Most people must wait for the Open Enrollment Period to purchase a private health plan through the Marketplace. However, being released from prison or jail triggers a Special Enrollment Period (SEP), which allows you to enroll in a private plan outside of Open Enrollment. The SEP lasts 60 days, after which you must wait until Open Enrollment to start a new plan.

Can You Apply For Coverage While Still Incarcerated?

You may be able to apply for health insurance coverage while incarcerated, depending on the type of coverage you’re applying for. Note that the Marketplace defines “incarcerated” as currently serving a sentence in jail or prison; home confinement, parole, and probation do not count.

If you have been convicted of a crime, you cannot purchase a private health plan while incarcerated. If you are incarcerated with charges pending, however, you can.

You can apply for Medicaid at any time, including while incarcerated. You may do so via the following routes:

How Does Society Benefit From Offering Healthcare to Felons?

Many people in the criminal justice system experience significant health needs, and health insurance provides them with access to the care they need. This access may result in the following societal benefits:

  • Easier reintegration: Enrolling in Medicaid or another type of health plan after incarceration can help smooth the process of reintegrating into the community.
  • Improved access to care: Health insurance enables felons and previously incarcerated people to manage their mental and physical health conditions.
  • Reduced recidivism rates: Statewide studies show that Medicaid enrollment helps those recently released from prison to access treatments for addiction and other mental health disorders, resulting in reduced rates of recidivism.

How Much Does Medicaid Cost?

Many Medicaid enrollees do not pay anything for coverage. If you make less than 150% of the federal policy level, your state may not charge you a monthly premium. Moreover, if you’re a member of one of the following groups, you’re exempt from paying premiums or cost-sharing for Medicaid:

  • Kids under 18
  • Pregnant people
  • People receiving hospice care
  • Certain beneficiaries in long-term care facilities
  • Native American beneficiaries receiving Medicaid services through an Indian Health Service provider
  • Beneficiaries eligible for Medicaid under the Breast and Cervical Cancer Act

Several health services, such as emergency services, preventative services for kids, and pregnancy-related and family-planning services, are exempt from out-of-pocket costs as well.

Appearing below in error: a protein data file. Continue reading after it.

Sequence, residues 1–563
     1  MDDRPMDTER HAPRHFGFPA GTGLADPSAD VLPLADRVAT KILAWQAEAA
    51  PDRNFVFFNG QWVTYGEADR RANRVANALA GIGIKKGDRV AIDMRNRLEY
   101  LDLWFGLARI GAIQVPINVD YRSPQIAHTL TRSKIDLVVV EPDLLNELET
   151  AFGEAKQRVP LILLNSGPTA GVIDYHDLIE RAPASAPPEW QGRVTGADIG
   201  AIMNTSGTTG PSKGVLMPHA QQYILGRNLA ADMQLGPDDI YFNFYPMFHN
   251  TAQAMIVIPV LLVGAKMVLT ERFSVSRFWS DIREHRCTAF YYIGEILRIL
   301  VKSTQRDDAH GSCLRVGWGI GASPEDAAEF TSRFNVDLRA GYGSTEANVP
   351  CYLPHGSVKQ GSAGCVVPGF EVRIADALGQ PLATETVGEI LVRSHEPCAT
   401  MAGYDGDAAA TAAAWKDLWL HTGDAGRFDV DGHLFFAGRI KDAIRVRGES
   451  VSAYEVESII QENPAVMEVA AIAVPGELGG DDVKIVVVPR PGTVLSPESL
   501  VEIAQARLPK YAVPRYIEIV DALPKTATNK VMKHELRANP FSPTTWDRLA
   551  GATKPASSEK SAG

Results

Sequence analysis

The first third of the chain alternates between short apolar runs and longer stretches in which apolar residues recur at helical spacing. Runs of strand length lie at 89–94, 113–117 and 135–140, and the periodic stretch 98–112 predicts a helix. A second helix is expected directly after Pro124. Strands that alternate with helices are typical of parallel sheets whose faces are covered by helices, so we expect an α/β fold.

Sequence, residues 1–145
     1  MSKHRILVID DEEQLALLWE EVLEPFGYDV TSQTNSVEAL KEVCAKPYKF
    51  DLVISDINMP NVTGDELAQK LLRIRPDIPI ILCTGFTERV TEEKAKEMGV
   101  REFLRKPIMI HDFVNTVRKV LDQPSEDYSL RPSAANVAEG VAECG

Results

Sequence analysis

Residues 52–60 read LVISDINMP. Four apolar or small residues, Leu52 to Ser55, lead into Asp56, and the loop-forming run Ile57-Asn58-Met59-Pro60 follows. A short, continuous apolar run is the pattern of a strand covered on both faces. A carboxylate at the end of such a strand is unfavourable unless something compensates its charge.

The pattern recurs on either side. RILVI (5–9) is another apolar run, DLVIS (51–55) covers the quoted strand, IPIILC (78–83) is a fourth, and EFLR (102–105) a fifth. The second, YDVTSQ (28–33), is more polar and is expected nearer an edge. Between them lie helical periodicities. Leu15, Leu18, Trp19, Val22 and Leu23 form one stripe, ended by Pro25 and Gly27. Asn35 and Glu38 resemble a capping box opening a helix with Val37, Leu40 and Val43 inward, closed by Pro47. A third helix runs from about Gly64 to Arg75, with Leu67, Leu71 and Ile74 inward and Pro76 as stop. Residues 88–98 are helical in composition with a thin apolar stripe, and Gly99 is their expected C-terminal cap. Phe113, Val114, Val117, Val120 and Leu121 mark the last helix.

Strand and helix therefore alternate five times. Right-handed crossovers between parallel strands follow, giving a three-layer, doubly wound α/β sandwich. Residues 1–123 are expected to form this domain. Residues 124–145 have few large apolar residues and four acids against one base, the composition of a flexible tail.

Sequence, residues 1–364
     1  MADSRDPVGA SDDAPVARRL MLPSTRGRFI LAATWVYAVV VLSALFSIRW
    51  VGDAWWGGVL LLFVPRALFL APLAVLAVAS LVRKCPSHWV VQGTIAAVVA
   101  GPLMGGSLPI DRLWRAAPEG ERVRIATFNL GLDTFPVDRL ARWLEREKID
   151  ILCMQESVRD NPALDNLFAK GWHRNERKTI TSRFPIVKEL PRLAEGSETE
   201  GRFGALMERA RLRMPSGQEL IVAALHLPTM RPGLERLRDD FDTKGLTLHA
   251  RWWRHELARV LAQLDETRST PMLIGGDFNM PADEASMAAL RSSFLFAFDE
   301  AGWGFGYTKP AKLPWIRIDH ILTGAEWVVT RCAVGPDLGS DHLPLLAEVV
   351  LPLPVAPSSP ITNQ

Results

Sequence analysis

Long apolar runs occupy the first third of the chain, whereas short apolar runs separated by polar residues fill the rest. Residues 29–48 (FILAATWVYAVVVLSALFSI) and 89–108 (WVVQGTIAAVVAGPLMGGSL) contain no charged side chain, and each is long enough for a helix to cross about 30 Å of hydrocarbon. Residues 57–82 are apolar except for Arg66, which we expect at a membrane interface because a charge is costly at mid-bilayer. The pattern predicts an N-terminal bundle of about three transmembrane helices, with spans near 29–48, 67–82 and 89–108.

If you do pay for Medicare, exact costs vary depending on your state and your household income level. Total out-of-pocket costs for Medicaid, including cost-sharing and premiums, may not exceed 5% of enrollees’ household income.

How to Apply for Coverage As a Felon

People with felony convictions follow the standard process to apply for Medicaid coverage. Here’s what to do:

  1. Create a Marketplace account via
  2. Fill out a Marketplace application.
  3. If you are eligible for Medicaid, your state’s Medicaid agency will contact you.
  4. Submit an application for Medicaid with your state’s Medicaid office.
  5. To check on the status of your application, contact the state office with which you applied.

Alternatively, you can apply for Medicaid directly via your state’s agency without going through the Marketplace. Your local Medicaid office can fill you in on your state’s application process. has information on how to contact your state’s Medicaid office.

Putting It All Together

Having a felony conviction does not disqualify you from Medicaid coverage. If you’re Medicaid-eligible based on your state’s standards, you can follow the standard process for applying for Medicaid, regardless of whether or not you have been convicted or are incarcerated.

The biggest determining factor for Medicaid eligibility is income level; in most states, any low-income adult is eligible for Medicaid.

If you are eligible and apply while incarcerated, Medicaid will not pay for your healthcare while you’re in jail or prison. However, applying while in prison or jail can help you get coverage faster once you’re released.